A few weeks ago, we had the opportunity to demo a new speaker system in our auditorium. Our existing PA is not great; well let me rephrase that. It’s a decent PA that is completely wrong for our room, and is installed wrong. Of the 12 boxes (6 per side), 8 of them are pointed at walls, not at people. That leads to a highly reverberant sound field (something you’ve heard me talk a lot about lately), with minimal direct sound. The end result is that it’s very hard to hear, and we need to run music a lot louder than we should to try to overcome the reverb.
I spent a lot of time thinking about how to demonstrate the benefits of a proper system to our church’s leadership. I think this gets overlooked too often; and quite frankly, it’s a flaw in our thinking. As humans, we naturally tend to think everyone is like us. It’s a normal misconception. We assume that because we can obviously hear the difference between our old, crappy PA and the new great-sounding one, that everyone else will be able to as well. Bad news; it ain't necessarily so.
Play Music, But Don’t Stop There
Most speaker demos I’ve been to consist of a select group of carefully chosen tracks that make the proposed PA sound good. This is a valid test, but only for the engineers and musicians in the group. The average person will not likely be able to differentiate between differences in speaker systems—at least not on a conscious level. We played music on both our house system and new proposed one, and when I polled the audience, most of them said they really didn’t hear that much of a difference. Yes, the new one sounded a little more clear, but it wouldn’t have been enough to make the sale.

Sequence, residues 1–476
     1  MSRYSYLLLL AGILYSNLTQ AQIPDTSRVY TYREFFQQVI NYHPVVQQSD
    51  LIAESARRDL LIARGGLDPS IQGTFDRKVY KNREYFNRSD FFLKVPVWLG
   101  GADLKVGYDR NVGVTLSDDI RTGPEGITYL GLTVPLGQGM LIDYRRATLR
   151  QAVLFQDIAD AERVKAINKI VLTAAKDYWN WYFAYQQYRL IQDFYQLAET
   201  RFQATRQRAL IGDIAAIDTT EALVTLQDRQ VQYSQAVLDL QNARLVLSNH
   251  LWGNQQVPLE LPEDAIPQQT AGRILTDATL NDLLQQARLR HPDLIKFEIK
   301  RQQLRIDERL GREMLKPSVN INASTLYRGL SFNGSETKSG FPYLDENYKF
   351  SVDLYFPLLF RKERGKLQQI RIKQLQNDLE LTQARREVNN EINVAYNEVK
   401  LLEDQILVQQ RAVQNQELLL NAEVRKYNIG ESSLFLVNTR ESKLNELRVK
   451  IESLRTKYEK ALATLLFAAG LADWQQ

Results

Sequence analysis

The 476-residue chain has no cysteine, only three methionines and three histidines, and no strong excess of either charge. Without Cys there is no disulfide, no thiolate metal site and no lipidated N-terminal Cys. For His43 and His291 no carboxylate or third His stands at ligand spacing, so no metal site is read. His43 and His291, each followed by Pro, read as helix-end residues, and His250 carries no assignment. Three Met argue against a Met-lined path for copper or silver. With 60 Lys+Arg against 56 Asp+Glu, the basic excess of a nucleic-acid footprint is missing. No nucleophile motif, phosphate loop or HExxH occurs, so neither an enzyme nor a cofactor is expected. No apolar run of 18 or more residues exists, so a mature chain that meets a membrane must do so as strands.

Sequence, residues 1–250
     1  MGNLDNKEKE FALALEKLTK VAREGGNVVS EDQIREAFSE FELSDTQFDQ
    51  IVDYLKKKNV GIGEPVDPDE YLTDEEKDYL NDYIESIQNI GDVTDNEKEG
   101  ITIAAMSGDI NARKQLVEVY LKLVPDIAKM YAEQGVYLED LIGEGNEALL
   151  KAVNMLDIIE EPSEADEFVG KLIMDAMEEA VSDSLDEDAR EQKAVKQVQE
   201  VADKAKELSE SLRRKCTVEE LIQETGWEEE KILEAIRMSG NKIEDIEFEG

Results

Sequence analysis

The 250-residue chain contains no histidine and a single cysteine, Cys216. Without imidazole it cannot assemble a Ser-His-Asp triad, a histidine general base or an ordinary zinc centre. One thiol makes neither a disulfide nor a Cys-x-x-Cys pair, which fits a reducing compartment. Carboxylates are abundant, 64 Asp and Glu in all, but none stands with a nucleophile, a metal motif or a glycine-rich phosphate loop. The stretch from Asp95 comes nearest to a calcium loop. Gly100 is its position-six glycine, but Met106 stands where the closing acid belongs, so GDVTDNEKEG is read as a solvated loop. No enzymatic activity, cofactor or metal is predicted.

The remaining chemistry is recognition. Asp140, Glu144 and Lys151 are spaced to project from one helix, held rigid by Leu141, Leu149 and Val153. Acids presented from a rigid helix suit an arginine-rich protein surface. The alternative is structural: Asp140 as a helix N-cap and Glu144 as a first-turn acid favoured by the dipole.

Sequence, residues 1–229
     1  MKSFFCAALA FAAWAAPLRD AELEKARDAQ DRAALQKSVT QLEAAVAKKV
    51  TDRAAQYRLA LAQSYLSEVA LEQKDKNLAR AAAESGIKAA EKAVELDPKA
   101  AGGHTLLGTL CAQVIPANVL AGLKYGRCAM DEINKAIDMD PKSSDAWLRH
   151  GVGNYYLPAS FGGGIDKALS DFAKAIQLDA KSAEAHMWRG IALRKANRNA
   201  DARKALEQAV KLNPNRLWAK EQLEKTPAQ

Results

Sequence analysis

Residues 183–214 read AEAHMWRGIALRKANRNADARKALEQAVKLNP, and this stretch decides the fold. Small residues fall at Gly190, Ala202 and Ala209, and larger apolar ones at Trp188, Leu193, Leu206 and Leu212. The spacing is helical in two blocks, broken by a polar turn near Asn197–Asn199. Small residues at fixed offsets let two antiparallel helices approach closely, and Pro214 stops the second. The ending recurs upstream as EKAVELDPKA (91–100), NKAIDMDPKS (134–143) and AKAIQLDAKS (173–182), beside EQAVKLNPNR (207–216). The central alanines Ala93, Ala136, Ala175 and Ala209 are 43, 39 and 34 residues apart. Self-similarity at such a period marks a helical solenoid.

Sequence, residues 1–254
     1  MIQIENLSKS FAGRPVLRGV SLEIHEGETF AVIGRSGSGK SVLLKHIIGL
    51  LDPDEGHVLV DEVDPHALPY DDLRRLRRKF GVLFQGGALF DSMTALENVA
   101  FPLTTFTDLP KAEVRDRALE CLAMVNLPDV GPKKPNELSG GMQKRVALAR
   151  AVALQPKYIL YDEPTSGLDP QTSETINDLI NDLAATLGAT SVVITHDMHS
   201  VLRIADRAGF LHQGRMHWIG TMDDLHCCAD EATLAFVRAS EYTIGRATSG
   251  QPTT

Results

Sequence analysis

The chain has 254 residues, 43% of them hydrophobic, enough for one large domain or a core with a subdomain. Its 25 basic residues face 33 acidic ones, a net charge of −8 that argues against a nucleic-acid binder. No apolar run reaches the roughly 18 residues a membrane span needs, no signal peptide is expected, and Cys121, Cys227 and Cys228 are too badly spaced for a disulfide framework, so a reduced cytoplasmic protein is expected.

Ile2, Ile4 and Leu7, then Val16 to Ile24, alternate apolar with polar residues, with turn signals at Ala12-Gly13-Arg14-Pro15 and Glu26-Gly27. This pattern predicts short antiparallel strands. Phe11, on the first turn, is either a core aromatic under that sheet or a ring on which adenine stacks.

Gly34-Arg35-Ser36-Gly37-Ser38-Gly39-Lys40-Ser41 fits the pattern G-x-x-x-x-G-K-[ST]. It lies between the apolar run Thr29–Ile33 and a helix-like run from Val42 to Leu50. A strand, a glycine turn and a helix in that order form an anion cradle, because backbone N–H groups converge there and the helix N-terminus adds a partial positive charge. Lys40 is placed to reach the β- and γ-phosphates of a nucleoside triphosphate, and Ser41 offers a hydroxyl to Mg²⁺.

One of the major issues we have in our room is comb filtering; in fact it’s so bad that we have 12-18 dB variations between 2-4K from seat to seat. I can hear the collective groan coming from you, my dear readers. However, when I explain that to our leadership, here’s what they hear, “Blah, blah, blah, blah, 12-18 blah, blah, blah, blah…” It means nothing to them. So we had to demonstrate it.
We fired up some pink noise at a moderate level and I had them walk the room. Almost everyone could hear the sound changing dramatically as they walked down the center aisle, and down a row. I fact, I had them wobble back and forth down the center aisle and I could watch almost all of them get what we were demonstrating. When we switched to the proposed PA, everyone went, “Ahhh, I hear what you’re saying. I don’t understand it, but I hear it.”
I followed that up with an explanation of the implications of such varied listening experiences. But even that wasn’t enough. Next time, we’ll talk about using creating compelling demonstrations that even the non-audio person will hear and realize the benefits of.